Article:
They’re researching; they’re writing their analyses; they’re doing their process of internal recommendations to the portfolio managers. Each year, they write a formal letter to the CEO. Even a company that’s fairly renowned, like Apple, our team still writes to the CEO and suggests ways to improve for the future.
The more interesting letters, of course, are in areas like energy. Last year, the sustainability team worked with an energy company who many ESG investors wouldn’t invest in because their carbon footprint is so large. But they said: “We know this company; we talk with them on a regular basis. They understand the future will be outside of fossil fuels, and they’re making the investments now to reposition that company.”
That’s the kind of “big idea” that helps distinguish our sustainable team. I’m not saying they look for controversy, but they have conviction in their process. They’re talking to companies that are changing, in order to solve future problems. They don’t just want to take an arm’s length view, but they want to understand how companies solve problems and think about capital stewardship. The fact is, these companies have money, and they’re going to invest it in their own operations. Our team wants to know how they’re going to deploy that capital.
So when our team sees a company making the decisions in the right direction, then yes, they may invest in a company that would have a higher carbon footprint than others that might not pass a more exclusionary, rules-driven strategy.
Crigger: Many investors don’t realize that some of the big oil companies are the ones making the biggest investment – from a sheer numbers perspective – into renewable energies, like wind. Companies like Exxon, they just have so much capital at their disposal, so when they make an investment in clean energy, it moves the needle.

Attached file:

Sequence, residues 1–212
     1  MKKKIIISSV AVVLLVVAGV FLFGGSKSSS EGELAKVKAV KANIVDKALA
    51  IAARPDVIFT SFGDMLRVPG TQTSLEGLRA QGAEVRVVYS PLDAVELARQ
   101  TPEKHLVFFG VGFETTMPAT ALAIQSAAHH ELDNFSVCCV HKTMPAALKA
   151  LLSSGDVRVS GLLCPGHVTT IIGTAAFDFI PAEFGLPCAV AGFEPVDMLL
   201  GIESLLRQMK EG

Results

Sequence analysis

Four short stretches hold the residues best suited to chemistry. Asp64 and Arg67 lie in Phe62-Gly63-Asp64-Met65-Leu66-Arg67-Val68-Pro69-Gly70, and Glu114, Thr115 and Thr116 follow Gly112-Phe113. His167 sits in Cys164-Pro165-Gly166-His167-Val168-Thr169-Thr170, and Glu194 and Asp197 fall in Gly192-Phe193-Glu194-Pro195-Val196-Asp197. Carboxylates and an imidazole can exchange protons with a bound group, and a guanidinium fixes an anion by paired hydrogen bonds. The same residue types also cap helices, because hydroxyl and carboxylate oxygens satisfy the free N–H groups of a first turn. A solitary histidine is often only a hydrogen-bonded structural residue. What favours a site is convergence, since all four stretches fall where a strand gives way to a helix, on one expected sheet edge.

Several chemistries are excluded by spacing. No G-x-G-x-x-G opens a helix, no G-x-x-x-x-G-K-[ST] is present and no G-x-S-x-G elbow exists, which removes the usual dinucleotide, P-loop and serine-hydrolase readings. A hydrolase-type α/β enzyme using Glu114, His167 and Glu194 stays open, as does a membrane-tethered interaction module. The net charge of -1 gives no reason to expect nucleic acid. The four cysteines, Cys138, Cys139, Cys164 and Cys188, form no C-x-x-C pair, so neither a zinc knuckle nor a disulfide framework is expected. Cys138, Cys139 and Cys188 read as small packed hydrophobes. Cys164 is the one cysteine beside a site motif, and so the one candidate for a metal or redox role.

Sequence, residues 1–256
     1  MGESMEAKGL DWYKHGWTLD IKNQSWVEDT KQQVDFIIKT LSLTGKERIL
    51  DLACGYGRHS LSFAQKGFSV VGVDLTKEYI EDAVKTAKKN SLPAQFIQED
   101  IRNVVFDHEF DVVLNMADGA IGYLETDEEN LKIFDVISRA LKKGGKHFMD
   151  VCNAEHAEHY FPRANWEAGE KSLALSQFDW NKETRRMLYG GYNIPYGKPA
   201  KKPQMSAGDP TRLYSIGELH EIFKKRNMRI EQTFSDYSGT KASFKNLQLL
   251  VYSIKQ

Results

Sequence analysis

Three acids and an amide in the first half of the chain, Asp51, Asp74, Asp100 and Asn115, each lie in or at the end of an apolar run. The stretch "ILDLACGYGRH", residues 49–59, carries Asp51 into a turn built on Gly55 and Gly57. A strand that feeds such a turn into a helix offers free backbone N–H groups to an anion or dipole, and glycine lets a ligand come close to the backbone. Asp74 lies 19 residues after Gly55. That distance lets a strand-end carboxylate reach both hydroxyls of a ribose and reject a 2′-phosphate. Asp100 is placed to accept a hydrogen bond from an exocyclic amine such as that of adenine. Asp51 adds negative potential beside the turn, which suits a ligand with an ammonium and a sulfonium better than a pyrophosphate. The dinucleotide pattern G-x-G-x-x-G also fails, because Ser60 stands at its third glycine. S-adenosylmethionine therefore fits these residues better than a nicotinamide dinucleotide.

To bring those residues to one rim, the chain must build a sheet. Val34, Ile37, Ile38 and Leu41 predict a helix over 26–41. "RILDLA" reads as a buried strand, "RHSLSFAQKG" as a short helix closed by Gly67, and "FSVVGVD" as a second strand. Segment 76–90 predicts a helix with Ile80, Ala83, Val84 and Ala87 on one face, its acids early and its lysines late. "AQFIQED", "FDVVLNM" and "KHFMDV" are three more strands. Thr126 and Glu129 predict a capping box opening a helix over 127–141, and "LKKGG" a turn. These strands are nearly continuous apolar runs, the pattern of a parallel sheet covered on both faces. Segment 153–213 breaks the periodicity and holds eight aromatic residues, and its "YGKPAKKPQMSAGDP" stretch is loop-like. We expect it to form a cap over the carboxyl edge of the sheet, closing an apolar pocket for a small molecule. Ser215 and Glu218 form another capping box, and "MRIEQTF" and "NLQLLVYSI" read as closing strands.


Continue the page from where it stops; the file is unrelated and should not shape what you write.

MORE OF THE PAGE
Casady: Exactly. The sustainability team looks at themselves as really strong researchers. They say: “What’s the how and the why? And how does that affect our investment choice.”
We also take a more thematic approach to sustainable investing. We look at what is needed to provide a thriving public, a thriving planet, and a thriving people.
Often, when investors think about a sustainable environment, they focus solely on the environment—windmills, perhaps, or solar panels. We focus on that but also on people. For example, we just published a new research paper on racial justice. That’s incredibly differentiated from our peers. Why are we looking at racial justice? Because justice is a moral question and a business challenge; it can improve economic and business growth. More inclusive companies become better problem-solvers. We want to be at the forefront of what’s important in this life. It’s not just the environment, though that’s a very key part of it, but it’s also public health, the public goods.
Another example: last year, we did a paper on mental health. That’s also something that’s incredibly important, not just for investing in medicine or finding opportunities; but also investing in people, and making sure that people are getting hired and getting the support they need. That company investing in you is also investing in a better future.